“…The war showed us the strength of great nations acting together for high purposes, and the victory of arms foretells the enduring conquests which can be made in peace when nations act justly and in furtherance of the common interests of men. To us in America the reflections of Armistice Day will be filled with – solemn pride in the heroism of those who died in the country’s service, and with gratitude for the victory, both because of the thing from which it has freed us and because of the opportunity it has given America to show her sympathy with peace and justice in the councils of nations.”

Cafe on the Somme World War I historical painting

“Cafe on the Somme,” 24 x 30, Acrylic on Canvas, 1993, by artist Matt Philleo

Armistice Day was later officially changed to Veteran’s Day in 1954. This is a day that we honor veterans, not just those who have died in service, but the living as well.

Both my grandfather and grandmother served in World War II. My grandfather was a pilot who did bombing missions in the Philippines, and my grandmother was a troop transport pilot, spunky and zealous enough to get in the army at age 16 (beats trying to get in a bar under-aged, right?). They met there during service and later got married upon returning home at the conclusion of the war.

My brother in law is a veteran from the Iraq conflict, having served two tours of duty there. He sacrificed a lot of time to serve our country.

I know we say it so much that it seems cliche, but it’s true…

Our veterans served our country well and kept our freedoms secure–either by paying with their life, braving the ever-present threat of losing their life, or perhaps the worst: enduring the trauma of seeing their best friends dying in horrific ways.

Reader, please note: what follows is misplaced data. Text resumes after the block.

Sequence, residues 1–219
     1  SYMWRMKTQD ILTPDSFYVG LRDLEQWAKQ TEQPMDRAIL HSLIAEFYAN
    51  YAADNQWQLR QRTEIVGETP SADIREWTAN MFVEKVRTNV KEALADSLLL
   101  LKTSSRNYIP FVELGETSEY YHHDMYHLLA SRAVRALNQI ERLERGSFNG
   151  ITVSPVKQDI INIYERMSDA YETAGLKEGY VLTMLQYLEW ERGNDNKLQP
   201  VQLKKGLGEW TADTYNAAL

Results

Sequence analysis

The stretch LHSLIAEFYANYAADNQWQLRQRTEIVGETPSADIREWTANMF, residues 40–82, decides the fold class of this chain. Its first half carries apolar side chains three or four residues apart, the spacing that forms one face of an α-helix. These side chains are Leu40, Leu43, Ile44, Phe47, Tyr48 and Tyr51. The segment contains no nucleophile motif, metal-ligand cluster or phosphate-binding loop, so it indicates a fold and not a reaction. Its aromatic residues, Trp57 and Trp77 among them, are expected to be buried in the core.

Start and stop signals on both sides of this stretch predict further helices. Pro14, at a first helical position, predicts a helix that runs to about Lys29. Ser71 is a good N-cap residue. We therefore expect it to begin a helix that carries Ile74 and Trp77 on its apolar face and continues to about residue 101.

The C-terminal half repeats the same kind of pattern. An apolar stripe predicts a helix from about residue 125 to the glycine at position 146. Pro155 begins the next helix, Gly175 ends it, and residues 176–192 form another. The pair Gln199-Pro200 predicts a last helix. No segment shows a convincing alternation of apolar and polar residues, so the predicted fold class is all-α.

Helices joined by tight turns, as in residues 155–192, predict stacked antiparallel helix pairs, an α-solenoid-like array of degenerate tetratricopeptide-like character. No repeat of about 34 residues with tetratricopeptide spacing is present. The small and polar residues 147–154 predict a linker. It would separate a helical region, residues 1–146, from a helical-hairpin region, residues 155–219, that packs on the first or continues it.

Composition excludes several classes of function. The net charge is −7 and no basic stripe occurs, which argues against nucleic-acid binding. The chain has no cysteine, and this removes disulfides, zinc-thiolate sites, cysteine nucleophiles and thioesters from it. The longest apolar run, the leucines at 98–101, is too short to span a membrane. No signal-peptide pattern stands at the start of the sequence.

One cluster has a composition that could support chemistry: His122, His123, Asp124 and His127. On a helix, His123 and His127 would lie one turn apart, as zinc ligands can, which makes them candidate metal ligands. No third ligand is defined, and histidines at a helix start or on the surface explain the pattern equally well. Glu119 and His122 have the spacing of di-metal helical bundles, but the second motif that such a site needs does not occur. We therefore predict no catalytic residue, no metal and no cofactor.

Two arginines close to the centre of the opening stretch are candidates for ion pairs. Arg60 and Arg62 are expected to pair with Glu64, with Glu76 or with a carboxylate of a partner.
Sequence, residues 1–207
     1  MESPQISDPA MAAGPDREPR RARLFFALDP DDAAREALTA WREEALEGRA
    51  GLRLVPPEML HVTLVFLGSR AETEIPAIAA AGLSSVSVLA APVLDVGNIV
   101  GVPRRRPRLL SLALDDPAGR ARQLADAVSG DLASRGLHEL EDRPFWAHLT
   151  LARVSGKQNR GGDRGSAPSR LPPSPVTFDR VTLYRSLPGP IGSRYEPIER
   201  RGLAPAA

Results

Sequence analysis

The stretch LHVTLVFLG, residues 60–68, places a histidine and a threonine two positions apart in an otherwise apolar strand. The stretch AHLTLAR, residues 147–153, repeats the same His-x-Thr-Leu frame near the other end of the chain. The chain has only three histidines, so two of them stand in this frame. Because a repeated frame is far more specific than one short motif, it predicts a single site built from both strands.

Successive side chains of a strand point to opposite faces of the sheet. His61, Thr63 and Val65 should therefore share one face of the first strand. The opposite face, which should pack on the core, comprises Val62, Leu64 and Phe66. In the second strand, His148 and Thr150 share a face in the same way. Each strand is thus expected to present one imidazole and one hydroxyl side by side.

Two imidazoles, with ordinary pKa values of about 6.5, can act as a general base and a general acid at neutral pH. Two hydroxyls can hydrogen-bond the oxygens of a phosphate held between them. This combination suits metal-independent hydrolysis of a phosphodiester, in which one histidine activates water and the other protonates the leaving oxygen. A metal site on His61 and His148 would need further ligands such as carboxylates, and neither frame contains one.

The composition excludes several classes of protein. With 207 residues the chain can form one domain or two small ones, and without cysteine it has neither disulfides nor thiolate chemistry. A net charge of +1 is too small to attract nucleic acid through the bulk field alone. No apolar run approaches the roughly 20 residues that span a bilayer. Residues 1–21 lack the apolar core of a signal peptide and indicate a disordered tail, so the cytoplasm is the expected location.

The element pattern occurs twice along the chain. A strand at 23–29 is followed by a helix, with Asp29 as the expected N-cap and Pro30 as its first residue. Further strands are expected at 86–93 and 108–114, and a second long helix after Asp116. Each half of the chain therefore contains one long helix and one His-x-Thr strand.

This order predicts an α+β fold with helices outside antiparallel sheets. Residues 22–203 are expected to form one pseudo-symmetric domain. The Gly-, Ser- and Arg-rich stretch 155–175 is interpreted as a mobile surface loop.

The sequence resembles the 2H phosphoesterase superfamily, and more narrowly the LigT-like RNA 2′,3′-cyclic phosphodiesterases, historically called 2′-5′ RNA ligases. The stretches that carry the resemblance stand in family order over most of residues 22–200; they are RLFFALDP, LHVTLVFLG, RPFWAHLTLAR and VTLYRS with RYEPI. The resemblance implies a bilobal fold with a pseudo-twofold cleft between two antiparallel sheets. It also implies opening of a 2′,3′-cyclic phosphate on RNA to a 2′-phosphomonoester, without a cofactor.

We owe them a debt of gratitude.

A few years ago, I created a portrait for a friend from my church who served in the army. He lost his wife due several health problems, and I wanted to encourage him by giving him something to commemorate the memory of his wife.

This is the photo that he gave me to work from:

1950's wedding photos

Photo of Gerald and Mavis J., on their wedding day

Since it was black and white I didn’t know what the colors were on his uniform. He offered to give the uniform to me, but I thought, “No, I better just take a picture of it instead. I sure don’t want to get paint on it!”

As for the colors of the flowers, I didn’t think he would remember after nearly 60 years, but I asked my mother-in-law. Without any trouble, she advised, “Oh yeah, those must be pinks, and those are carnations, and here’s the colors they would probably be.”

So with that information, I got to work.

Here are some in-progress pics of the painting. I start off with just a sketch, and then build up several translucent layers of acrylic paint using the Renaissance Master’s glazing technique.